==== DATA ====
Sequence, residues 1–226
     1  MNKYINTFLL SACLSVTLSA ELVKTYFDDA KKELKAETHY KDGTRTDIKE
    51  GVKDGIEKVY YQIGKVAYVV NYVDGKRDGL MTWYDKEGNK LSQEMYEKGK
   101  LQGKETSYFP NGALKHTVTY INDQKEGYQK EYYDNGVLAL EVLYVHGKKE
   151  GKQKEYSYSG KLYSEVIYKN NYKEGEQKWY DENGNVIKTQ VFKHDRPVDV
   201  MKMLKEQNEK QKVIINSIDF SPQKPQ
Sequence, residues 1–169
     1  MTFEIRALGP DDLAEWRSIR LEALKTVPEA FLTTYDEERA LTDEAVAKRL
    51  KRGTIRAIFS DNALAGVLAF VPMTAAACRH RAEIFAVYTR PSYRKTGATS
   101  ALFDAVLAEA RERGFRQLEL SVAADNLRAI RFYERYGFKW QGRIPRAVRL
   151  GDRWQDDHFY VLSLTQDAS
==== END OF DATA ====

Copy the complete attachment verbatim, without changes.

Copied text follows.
Sequence, residues 1–226
     1  MNKYINTFLL SACLSVTLSA ELVKTYFDDA KKELKAETHY KDGTRTDIKE
    51  GVKDGIEKVY YQIGKVAYVV NYVDGKRDGL MTWYDKEGNK LSQEMYEKGK
   101  LQGKETSYFP NGALKHTVTY INDQKEGYQK EYYDNGVLAL EVLYVHGKKE
   151  GKQKEYSYSG KLYSEVIYKN NYKEGEQKWY DENGNVIKTQ VFKHDRPVDV
   201  MKMLKEQNEK QKVIINSIDF SPQKPQ
Sequence, residues 1–169
     1  MTFEIRALGP DDLAEWRSIR LEALKTVPEA FLTTYDEERA LTDEAVAKRL
    51  KRGTIRAIFS DNALAGVLAF VPMTAAACRH RAEIFAVYTR PSYRKTGATS
   101  ALFDAVLAEA RERGFRQLEL SVAADNLRAI RFYERYGFKW QGRIPRAVRL
   151  GDRWQDDHFY VLSLTQDAS